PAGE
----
As the leader of a high-performing team, how you distribute and balance work across the members of that team is a critical success factor. It needs to be done fairly. Note, I didn't say equally. Work allocation needs to be done fairly because you want your team to operate on the basis of equality. You want people to work on things they're good at but also that they're excited by. There are five criteria to think about as you think about distributing work.

1. Priority

Consider the work's priority. Priority needs to drive everything. If you've been rigorous in your prioritization process, start at the top of the list and begin allocating work from there. That list should be based on the team's and the organization's goals. This has to be the first consideration in terms of how you distribute work. If a project is a top priority and somebody is available to do that work, they should be tasked with that work.

2. Skill Sets

Evaluate the skill set of the people who you're thinking about distributing the work to. If they have the right skill set, you're going to get a high quality result. The end product will be something that meets your customer's needs. This also reduces the likelihood of people failing because you're not giving them work that they don't have the skill set to perform. You're giving them something they can be successful with.

3. Availability

The next consideration for allocating work is a person's availability. All things being equal in terms of priority and skill set, who is free to do the work? Who has the bandwidth? You should not be shifting resources from one project to another when you have available resources to pick up that new project.

If you start shifting resources around between projects when you have available resources elsewhere, you're going to lose momentum on that first project and that project might fail. Additionally, the people who are on the project are going to be very frustrated. They had the resources they needed and all of a sudden they don't. It's going to seem like it was at a whim to just move somebody around. The person who will be most frustrated is the person who has the resource taken off the project they're succeeding on and put onto something new.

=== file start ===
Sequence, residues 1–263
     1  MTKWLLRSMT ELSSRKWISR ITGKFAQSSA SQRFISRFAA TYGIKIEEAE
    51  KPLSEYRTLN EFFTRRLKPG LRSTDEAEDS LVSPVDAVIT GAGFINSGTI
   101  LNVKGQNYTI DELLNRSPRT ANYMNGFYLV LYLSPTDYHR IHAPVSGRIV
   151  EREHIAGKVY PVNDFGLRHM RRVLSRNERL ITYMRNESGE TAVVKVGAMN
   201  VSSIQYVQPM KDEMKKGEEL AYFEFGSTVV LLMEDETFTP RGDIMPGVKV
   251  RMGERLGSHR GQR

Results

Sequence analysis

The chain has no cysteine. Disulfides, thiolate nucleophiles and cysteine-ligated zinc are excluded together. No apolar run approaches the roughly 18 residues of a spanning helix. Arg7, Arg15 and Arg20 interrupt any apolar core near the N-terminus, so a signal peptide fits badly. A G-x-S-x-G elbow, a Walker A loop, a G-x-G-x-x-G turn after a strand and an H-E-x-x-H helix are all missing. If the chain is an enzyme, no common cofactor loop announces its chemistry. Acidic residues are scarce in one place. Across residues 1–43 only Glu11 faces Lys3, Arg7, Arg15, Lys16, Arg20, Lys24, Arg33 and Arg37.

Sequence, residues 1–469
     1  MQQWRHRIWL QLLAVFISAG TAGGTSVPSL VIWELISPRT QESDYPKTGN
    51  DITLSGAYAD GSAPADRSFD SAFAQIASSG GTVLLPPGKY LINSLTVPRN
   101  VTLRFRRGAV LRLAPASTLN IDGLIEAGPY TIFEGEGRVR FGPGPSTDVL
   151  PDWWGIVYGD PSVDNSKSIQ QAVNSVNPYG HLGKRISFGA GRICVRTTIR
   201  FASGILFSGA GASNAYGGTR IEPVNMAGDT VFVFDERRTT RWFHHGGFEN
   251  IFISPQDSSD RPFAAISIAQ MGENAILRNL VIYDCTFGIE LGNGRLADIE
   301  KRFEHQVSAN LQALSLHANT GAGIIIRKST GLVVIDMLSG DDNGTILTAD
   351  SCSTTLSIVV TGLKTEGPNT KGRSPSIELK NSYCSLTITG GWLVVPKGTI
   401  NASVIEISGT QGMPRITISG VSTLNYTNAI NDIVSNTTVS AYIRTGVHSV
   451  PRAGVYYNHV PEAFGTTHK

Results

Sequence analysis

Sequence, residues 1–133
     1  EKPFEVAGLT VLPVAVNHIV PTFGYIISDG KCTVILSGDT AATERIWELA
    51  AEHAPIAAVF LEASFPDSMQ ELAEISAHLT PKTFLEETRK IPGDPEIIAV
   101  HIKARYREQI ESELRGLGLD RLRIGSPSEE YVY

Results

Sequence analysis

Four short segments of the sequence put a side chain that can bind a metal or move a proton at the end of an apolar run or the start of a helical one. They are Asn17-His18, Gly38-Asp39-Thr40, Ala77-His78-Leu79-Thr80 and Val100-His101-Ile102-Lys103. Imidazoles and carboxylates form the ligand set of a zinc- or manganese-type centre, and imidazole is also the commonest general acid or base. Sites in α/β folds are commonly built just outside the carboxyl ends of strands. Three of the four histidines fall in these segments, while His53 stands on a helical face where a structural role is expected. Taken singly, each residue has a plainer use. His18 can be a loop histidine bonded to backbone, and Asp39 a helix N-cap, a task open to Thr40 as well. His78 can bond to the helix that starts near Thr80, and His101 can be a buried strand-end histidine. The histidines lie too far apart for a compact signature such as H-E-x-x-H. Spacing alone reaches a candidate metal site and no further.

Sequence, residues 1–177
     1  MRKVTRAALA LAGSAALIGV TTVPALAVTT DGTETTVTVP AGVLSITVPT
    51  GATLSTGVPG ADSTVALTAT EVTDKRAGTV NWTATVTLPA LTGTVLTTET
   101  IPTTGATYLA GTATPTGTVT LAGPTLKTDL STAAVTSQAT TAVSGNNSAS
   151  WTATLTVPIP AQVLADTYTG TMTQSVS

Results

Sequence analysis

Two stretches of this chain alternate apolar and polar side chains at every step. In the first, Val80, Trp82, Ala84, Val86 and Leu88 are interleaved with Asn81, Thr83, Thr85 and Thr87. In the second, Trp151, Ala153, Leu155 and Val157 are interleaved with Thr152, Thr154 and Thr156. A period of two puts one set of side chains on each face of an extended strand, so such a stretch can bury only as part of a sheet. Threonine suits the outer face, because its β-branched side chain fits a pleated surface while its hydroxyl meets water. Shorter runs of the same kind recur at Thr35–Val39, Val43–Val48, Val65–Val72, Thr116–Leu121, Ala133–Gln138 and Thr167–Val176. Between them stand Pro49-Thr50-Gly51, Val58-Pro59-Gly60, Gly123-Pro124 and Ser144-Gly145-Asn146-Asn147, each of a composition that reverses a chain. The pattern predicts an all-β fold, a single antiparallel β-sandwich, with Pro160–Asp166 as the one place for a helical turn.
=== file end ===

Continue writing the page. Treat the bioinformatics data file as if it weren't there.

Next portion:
4. Development

Next, you have to think about the development opportunity this project might present for that person. You should be constantly upgrading your team's skill set. A way to do that is to give them new work where they're going to learn new skills. Put them in situations where they're going to be a little bit uncomfortable. Give them projects where they're going to have to step up and learn, be taught, and be open to feedback and coaching. That's how you're going to take your team to the next level of performance.

5. Interest

The last consideration in terms of which person gets the work when it needs to be allocated is does somebody have an interest in performing that particular task? If someone is really interested and passionate about a project, you should let them take it on. They're going to be motivated, excited to do it, and hopefully their performance will follow. One caveat here--make sure people don't only gravitate to the work they enjoy doing and they stay away from things that they're not comfortable with. If you let that happen, they're going to end up getting pigeonholed and they'll be very narrow in their focus.

Go allocate some work

If you think about all of these considerations as you distribute work across your team, doing so will ensure you tackle the highest priority projects with the people who have the right skills to do it. The work will be balanced in a way where you're going to execute the project but at the same time you're going to develop your people.